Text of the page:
Carbon-based wastes represent a promising and untapped renewable energy source. Their use as feedstock for the production of carbon and fuel is consistent with the cycle of carbon creation and assimilation. It’s estimated that the United States generates from 1.5 to 2 billion tons of organic waste every year including municipal solid, bio-solids, animal, green, construction and demolition, pulp and paper, plastics, auto shredding and agricultural waste. The nation also disposes of 300 million used tires each year. Approximately one-third of these materials are generated in our local communities and collected and transported to landfills.

Read more: Summary

Tire recycling technology thermally de-polymerizes waste tires (and/or organic materials) within an oxygen-free, externally heated reaction vessel in a temperature and pressure-controlled environment and is commonly referred to as pyrolysis. Waste whole tires (feedstock) are inserted into the reaction vessel at a controlled rate. The reaction vessel is maintained at a temperature of sufficient magnitude to insure complete thermal decomposition of volatile components. Oxidation or “burning” does not occur because the process maintains an oxygen-free environment. This is a closed system that uses sealed joints and negative pressure to eliminate unwanted emissions and recovers 99%+ of the waste material. Complete control of time, temperature, and pressure insure product decomposition. This technology operates in a batch mode and thermally decomposes the whole tire to its basic components of carbon, oil, steel and syngas, a non-condensable gas.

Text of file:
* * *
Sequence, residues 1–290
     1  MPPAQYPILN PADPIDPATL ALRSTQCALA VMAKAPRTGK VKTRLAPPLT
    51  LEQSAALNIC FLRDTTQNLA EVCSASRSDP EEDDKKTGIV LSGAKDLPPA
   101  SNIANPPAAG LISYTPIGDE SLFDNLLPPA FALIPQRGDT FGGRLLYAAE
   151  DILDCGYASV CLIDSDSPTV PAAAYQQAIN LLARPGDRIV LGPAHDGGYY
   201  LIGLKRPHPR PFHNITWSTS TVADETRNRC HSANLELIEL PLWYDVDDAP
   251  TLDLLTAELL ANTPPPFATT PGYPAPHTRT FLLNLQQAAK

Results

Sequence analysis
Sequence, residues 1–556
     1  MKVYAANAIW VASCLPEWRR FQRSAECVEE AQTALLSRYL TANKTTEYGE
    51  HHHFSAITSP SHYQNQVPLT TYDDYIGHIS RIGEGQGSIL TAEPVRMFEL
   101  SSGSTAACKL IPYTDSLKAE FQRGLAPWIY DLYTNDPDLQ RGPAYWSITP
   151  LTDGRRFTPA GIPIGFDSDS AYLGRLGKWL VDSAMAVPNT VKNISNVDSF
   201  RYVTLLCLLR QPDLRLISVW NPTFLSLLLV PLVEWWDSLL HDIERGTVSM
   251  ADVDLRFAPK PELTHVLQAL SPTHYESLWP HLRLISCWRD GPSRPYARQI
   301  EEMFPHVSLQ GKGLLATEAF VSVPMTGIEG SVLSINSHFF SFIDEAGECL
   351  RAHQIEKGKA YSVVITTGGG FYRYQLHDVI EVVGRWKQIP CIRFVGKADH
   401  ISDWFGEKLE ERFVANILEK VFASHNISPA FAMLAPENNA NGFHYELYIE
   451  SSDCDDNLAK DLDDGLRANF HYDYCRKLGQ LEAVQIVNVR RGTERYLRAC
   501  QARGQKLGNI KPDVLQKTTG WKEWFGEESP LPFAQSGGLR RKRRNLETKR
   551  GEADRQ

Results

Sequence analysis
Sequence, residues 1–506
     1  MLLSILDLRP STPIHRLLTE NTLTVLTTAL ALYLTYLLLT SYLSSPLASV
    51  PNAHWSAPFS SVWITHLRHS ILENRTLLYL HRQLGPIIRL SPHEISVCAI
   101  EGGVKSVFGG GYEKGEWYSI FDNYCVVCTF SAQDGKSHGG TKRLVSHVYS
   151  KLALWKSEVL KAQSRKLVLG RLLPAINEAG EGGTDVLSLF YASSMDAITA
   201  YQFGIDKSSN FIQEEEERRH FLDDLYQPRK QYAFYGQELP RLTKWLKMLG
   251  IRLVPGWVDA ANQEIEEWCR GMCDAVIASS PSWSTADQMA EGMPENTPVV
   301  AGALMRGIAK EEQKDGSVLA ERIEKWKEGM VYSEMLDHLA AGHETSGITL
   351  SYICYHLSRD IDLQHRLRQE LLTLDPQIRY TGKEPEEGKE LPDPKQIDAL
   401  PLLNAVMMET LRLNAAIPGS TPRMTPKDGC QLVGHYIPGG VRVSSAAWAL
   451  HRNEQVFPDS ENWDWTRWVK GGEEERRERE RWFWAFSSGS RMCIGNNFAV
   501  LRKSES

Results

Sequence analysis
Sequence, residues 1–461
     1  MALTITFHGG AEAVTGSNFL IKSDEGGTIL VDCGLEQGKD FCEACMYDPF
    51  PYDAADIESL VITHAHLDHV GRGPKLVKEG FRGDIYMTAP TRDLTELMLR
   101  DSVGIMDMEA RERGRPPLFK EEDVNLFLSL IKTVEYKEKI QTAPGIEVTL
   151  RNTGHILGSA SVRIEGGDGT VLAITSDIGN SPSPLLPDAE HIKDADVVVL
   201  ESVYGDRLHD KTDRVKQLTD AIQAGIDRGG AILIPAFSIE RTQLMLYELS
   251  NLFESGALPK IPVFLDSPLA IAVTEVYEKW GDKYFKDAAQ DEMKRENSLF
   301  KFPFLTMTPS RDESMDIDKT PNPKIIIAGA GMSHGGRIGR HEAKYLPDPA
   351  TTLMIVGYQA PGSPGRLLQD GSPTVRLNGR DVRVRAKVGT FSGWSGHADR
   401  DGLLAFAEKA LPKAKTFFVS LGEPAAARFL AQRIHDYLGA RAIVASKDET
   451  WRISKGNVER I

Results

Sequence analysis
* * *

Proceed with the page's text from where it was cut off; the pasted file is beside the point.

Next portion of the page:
Read more: Technology

tire breakdownA typical domestic passenger tire in the US weighs approximately 22 pounds. The raw materials of a tire are recovered through the tire recycling technology.

  • Carbon Black: N500-N700 spec
  • Fuel Oil: #4 marine diesel
  • Steel
  • Syngas: used to generate electricity to offset operating costs.

All products to be sold via contract.